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Law School Case Brief

United States v. Barrera - 464 F.3d 496 (5th Cir. 2006)


For Fourth Amendment purposes, an arrest warrant founded on probable cause implicitly carries with it the limited authority to enter a dwelling in which a suspect lives when there is reason to believe the suspect is within. 


Deputy United States Marshall Ramos attempted to execute an arrest warrant for Jose, a drug trafficker known to carry a weapon. In compiling research on Jose, Ramos discovered that Jose's official address was no longer where Jose lived. Ramos later learned that Jose had been arrested earlier that year at 1209 St. Michael Street and that a bail bondsman through which Jose had made bond confirmed that Jose had given the St. Michael address as his place of residence. Acting fast, the officers surveyed the premises and after confirming more details arrived at the residence and surrounded it. Defendant Juan Barrera, Jose's brother opened the door. Juan was surprised to see the officers and began backing away from the door with his hand behind his back. As Juan stepped backwards, Ramos heard something drop, but was unable to see what it was. Officer Jorge Medina of the Laredo Police Department ("LPD") then advised Juan to step to the side and to identify the item that was dropped. At that point, Officers Medina and Chavez entered the residence without seeking permission and retrieved the firearm from the floor. A search of Juan's residence did not lead the officers to Jose; however, the officers observed what was later determined to be $ 10,000 on Juan's bed and a closed briefcase containing a firearm inside a closet in the bedroom. At that point, Ramos asked Juan if he was on probation or had a criminal history and Juan advised Ramos that he was on probation for attempted murder. Thereafter, Juan was indicted for possession of a firearm by a convicted felon. At trial in federal district court he filed a motion o suppress the evidence that formed the basis for his arrest, arguing that, by entering his home without a warrant for his arrest, probable cause, or other lawful authority, law enforcement officers violated his FourthFifthSixth, and Fourteenth Amendment rights. The district court denied Juan's motion to suppress and sentenced him to 57 months imprisonment to be followed by three years of supervised release.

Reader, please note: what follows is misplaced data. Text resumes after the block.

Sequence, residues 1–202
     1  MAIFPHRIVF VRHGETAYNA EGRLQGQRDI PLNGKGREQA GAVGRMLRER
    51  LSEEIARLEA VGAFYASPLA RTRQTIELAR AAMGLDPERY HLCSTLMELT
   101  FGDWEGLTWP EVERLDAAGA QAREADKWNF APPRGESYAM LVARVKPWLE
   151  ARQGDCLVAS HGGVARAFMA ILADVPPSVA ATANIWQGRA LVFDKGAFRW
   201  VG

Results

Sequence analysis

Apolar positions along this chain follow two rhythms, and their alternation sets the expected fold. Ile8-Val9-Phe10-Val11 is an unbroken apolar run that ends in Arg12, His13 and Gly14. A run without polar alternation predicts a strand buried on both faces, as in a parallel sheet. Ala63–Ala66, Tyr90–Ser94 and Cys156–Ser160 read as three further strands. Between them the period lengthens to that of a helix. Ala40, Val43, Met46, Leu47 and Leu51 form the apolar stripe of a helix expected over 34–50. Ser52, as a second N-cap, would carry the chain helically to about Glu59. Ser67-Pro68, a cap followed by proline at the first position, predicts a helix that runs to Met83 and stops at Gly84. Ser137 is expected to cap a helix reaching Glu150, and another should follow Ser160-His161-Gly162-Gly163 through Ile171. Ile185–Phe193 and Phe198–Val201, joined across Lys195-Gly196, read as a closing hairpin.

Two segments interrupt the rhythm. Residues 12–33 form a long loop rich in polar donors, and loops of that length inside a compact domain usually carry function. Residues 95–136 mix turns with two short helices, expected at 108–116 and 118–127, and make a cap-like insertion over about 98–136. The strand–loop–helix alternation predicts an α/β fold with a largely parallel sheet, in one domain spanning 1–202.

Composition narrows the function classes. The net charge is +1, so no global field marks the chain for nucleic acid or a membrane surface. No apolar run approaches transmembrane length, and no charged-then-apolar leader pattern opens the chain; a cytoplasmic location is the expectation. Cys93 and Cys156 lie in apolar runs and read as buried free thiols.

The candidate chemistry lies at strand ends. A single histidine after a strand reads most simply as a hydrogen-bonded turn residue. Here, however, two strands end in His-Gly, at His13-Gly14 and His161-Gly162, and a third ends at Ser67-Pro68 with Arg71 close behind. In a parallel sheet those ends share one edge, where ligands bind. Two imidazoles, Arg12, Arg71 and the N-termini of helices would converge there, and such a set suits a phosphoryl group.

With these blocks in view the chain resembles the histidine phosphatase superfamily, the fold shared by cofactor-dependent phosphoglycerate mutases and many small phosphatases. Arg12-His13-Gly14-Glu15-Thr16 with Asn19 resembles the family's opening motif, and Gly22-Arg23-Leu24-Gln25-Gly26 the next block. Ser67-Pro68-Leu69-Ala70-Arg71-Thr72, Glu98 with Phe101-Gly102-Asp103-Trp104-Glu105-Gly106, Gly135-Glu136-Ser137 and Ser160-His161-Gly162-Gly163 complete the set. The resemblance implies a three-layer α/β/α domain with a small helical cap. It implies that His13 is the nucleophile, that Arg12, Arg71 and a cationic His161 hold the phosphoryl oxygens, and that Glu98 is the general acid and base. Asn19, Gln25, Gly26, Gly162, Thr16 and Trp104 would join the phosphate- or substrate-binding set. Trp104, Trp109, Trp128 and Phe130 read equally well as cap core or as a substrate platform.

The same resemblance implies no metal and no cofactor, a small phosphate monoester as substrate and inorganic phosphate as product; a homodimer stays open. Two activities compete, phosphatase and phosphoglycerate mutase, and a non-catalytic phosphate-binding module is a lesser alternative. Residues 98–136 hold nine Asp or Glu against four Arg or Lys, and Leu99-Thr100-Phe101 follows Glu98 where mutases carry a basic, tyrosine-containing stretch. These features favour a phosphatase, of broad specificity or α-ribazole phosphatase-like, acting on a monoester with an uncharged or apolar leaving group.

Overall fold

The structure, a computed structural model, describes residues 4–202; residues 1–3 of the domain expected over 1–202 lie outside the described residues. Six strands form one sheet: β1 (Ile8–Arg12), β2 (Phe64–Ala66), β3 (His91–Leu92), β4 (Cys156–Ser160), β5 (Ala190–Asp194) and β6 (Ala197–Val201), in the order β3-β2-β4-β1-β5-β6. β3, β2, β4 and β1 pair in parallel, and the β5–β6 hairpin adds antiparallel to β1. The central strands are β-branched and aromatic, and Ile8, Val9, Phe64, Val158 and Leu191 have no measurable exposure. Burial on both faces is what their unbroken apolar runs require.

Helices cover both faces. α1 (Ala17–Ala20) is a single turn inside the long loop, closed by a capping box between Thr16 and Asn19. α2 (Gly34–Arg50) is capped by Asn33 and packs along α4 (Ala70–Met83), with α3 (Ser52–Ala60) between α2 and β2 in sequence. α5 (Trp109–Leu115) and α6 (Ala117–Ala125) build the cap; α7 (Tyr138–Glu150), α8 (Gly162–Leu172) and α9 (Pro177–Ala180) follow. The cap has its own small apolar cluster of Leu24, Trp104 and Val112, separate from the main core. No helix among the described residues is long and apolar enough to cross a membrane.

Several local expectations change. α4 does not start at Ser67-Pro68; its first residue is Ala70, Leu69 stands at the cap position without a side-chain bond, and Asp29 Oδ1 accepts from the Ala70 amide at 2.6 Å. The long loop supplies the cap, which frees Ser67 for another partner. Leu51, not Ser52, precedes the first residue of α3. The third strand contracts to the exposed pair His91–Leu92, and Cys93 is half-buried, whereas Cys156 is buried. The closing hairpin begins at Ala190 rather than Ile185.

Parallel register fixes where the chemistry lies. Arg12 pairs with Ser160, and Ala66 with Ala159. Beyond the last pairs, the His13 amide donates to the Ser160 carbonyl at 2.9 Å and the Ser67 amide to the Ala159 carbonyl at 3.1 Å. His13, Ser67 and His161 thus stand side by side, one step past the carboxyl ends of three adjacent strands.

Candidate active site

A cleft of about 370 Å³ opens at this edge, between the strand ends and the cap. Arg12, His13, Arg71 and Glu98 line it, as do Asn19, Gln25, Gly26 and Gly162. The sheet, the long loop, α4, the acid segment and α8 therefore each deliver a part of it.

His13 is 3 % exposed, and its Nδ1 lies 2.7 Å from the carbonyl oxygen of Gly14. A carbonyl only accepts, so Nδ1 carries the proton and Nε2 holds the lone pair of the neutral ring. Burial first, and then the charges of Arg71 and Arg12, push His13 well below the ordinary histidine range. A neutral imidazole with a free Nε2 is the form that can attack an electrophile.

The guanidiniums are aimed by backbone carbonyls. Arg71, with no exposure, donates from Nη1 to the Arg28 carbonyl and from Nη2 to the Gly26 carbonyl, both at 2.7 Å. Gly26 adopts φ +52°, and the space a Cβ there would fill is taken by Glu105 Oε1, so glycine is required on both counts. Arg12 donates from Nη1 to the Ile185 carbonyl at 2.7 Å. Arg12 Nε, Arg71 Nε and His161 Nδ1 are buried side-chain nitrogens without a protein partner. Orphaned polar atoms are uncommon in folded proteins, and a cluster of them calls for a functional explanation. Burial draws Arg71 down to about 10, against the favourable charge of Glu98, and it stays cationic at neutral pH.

Was the conviction proper?




The appellate court affirmed defendant's conviction. The court concurred with the district court and held that the officers reasonably believed that Jose lived at defendant's address because Jose had been arrested there before and had given its address as his place of residence to a bail bondsman and because several cars that Jose was known to drive were parked around the residence.

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